Pennycress as a cover crop

Field pennycress (Thlaspi arvense L.) is a new winter annual cover crop that produces an oilseed feedstock for industrial uses.

pennycress plants with seedpods
Field pennycress (Thlaspi arvensis L.)

As a cash cover crop for the Upper Midwest, field pennycress can provide economic return with yields up to 990 pounds per acre (1,109 kilograms per hectare), and a seed oil content ranging from 26 to 36 percent.

When to plant it

You can plant field pennycress in the fall and harvest in the spring, prior to summer annual crops grown in a relay or double crop system. This intensifies the production system.

In the relay system, the summer annual crop is planted in the spring at a near-normal time between rows of pennycress. In the double cropping system, the summer annual crops are planted after pennycress harvest.

Benefits

Similar to traditional cover crops, field pennycress has the potential to increase the ecosystem services without negatively influencing crop yields. This is conveyed in Figure 1, which shows normalized values for 11 ecosystem services and two economic metrics averaged across the three-year rotation of cropping systems.

spider chart of various ecosystem services of cover crops and no cover crops
Figure 1: Normalized values for crop rotations with (CC) and without (NoCC) cover crops. Higher numbers indicate better performance.

Pennycress prevents soil erosion and nutrient leaching, suppresses weeds and creates suitable conditions for beneficial insects and pollinators.

Evaluating a new crop

Despite field pennycress’ multiple benefits, it’s a new crop species, which limits its adoption.

Consequently, growing recommendations for the crop’s optimum agronomic performance are needed. Researchers at University of Minnesota and United States Department of Agriculture-Agricultural Research Service (USDA-ARS) at Morris are currently testing and developing these recommendations.

Pennycress possibilities in the cropping system

Researchers have tested pennycress in double and relay cropping systems in the Upper Midwest.

Double crop system

When analyzing field pennycress production and weed control in a double crop system, researchers found that combined pennycress and soybean seed crop yield was greater.

This suggests low risk of using pennycress prior to soybeans. The researchers noted that, by including pennycress in double cropping systems, producers can potentially increase total seed yield and reduce early-season weed pressure.

Double and relay cropping systems

A follow-up study explored the yield trade-offs and soil nitrogen (N) changes between pennycress and soybean in double and relay cropping systems.

Results indicated that adding pennycress to the system increased total oilseed production when integrated with soybean in double and late-relay cropping systems (Figures 2 and 3).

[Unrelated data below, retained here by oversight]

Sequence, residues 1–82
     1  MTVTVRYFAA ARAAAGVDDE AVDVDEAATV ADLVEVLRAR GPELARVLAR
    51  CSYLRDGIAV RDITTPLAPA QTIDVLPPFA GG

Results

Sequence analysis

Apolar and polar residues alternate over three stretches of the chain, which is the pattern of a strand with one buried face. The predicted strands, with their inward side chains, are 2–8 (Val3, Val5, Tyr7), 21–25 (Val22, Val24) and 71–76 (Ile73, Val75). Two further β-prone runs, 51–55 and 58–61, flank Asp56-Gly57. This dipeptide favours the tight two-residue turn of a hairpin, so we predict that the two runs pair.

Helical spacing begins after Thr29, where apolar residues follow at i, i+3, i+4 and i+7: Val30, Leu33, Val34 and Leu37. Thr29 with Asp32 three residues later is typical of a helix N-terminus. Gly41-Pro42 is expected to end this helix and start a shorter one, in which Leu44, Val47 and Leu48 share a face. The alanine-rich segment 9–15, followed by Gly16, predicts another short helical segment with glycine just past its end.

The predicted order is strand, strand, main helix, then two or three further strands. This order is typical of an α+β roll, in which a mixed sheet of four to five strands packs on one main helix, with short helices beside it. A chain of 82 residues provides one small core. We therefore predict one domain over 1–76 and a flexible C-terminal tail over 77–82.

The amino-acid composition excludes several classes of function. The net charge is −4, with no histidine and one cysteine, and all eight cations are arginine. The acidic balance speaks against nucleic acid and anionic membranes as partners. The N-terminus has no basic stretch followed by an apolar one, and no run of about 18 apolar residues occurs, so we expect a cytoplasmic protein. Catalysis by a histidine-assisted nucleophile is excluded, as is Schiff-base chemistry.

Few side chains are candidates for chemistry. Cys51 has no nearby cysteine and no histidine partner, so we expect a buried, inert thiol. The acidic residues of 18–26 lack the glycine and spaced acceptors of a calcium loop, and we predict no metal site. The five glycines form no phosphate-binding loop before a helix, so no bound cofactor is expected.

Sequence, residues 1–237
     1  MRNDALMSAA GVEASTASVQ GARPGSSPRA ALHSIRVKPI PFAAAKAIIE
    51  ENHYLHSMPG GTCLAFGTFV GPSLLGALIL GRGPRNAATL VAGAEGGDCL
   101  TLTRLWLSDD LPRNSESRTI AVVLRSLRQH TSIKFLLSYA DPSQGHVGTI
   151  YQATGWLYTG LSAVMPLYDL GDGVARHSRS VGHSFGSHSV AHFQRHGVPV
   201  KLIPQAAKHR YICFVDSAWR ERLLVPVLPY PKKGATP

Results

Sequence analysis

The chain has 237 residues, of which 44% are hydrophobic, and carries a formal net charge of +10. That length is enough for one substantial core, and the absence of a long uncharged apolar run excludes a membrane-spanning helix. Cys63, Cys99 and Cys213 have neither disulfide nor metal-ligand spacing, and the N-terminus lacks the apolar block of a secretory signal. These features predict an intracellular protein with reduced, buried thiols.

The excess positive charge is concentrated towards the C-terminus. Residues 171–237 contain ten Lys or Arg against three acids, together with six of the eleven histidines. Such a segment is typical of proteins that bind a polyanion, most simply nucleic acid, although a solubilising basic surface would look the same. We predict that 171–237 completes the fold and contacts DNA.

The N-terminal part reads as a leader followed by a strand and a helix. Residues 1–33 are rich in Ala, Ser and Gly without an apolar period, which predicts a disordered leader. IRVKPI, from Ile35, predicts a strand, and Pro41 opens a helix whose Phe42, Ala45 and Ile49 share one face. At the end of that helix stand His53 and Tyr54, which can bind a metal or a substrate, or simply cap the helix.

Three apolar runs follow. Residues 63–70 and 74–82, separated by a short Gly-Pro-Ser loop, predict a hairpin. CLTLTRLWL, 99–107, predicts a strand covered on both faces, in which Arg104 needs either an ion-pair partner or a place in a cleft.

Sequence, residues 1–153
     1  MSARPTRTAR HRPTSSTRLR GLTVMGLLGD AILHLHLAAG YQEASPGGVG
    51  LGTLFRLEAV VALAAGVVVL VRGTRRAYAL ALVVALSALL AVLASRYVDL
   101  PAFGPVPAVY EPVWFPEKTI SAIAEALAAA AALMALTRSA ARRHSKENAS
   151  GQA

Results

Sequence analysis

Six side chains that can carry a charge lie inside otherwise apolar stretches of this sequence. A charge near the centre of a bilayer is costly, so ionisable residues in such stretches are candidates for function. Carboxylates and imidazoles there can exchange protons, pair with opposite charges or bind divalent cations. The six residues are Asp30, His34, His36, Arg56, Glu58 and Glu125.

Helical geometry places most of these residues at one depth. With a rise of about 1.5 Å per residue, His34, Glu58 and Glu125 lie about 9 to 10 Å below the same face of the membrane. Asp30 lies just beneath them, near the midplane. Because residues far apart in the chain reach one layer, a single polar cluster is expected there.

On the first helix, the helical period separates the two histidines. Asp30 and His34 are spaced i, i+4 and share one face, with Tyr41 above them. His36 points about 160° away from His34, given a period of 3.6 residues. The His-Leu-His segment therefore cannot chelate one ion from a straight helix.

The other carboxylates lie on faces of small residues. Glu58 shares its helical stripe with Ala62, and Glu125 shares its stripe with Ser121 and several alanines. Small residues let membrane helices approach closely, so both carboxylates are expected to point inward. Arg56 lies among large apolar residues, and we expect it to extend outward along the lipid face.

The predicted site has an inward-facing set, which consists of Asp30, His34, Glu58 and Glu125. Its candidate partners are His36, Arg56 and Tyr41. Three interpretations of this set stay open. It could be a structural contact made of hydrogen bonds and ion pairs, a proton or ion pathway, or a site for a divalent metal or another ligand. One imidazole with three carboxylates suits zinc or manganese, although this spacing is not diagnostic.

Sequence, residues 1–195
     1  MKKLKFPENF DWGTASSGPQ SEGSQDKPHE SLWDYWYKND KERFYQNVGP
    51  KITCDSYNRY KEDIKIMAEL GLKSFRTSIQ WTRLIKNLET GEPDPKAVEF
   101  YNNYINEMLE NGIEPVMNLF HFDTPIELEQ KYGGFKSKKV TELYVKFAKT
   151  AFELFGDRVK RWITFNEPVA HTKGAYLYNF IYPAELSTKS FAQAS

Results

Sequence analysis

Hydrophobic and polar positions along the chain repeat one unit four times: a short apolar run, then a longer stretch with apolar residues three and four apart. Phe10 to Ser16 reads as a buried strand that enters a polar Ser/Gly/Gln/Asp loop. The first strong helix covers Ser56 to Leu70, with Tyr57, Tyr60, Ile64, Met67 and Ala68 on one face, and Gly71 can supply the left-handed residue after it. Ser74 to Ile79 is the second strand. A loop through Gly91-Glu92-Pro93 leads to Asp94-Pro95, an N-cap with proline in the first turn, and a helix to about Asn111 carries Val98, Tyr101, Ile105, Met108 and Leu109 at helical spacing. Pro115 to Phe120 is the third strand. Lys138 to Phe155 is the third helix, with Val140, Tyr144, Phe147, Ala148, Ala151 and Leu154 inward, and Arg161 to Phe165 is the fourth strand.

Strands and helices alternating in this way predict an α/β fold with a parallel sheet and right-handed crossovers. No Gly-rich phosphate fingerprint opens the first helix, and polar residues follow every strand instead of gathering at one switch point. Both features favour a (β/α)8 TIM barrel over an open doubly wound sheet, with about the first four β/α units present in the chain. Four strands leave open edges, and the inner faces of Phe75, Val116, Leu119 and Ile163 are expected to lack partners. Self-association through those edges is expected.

Researchers analyzed the N soil content throughout the pennycress and soybean growing seasons, and concluded that the presence of pennycress reduced the N soil content in the soil profile. This reduces the risk of nitrogen leaching and water contamination.

Bar chart showing pennycress outperforming camelina in grain yield
Figure 2: Camelina and pennycress yield as influenced by cropping strategy and oilseed cover crop harvest timing in St. Paul in 2015.
bar chart showing yield of soybeans with camelina, penny cress and no cover crop, each in a double crop, relay early harvest and relay late harvest treatment.  There was no statistical difference between cover crops, no cover out-performed covers in relay harvest treatments
Figure 3: Soybean yield as influenced by cropping strategy and oilseed cover crop harvest timing in St. Paul in 2015.

Future pennycress research

Currently, the University and USDA-ARS have several ongoing research projects assessing the performance of pennycress in Minnesota cropping systems. These include:

  • Determining optimal oilseed planting dates, harvest time and management for improved oilseed yield and quality.

  • Evaluating pennycress for nitrogen use efficiency and optimal fertilizer rates.

  • Exploring alternative summer annual crops for new double cropping system opportunities.

New research into market and product development is underway in collaboration with researchers from the University of Minnesota Extension Regional Sustainable Development Partnerships, the University’s Department of Food Science and Nutrition and the Agricultural Utilization Research Institute.

Rubí Raymundo; post-doctoral associate, College of Food, Agricultural and Natural Resource Sciences (CFANS); Ratan Chopra, post-doctoral associate, CFANS; Katherine Frels, researcher, CFANS; Maninder K. Walia, post-doctoral associate, CFANS; M. Scott Wells, Extension agronomist; James Anderson, wheat breeder, CFANS; M. David Marks, plant and microbial biologist; Frank Forcella, research agronomist, USDA Agricultural Research Service; Russell Gesch, research plant physiologist, USDA Agricultural Research Service; and Donald Wyse, agronomist, CFANS

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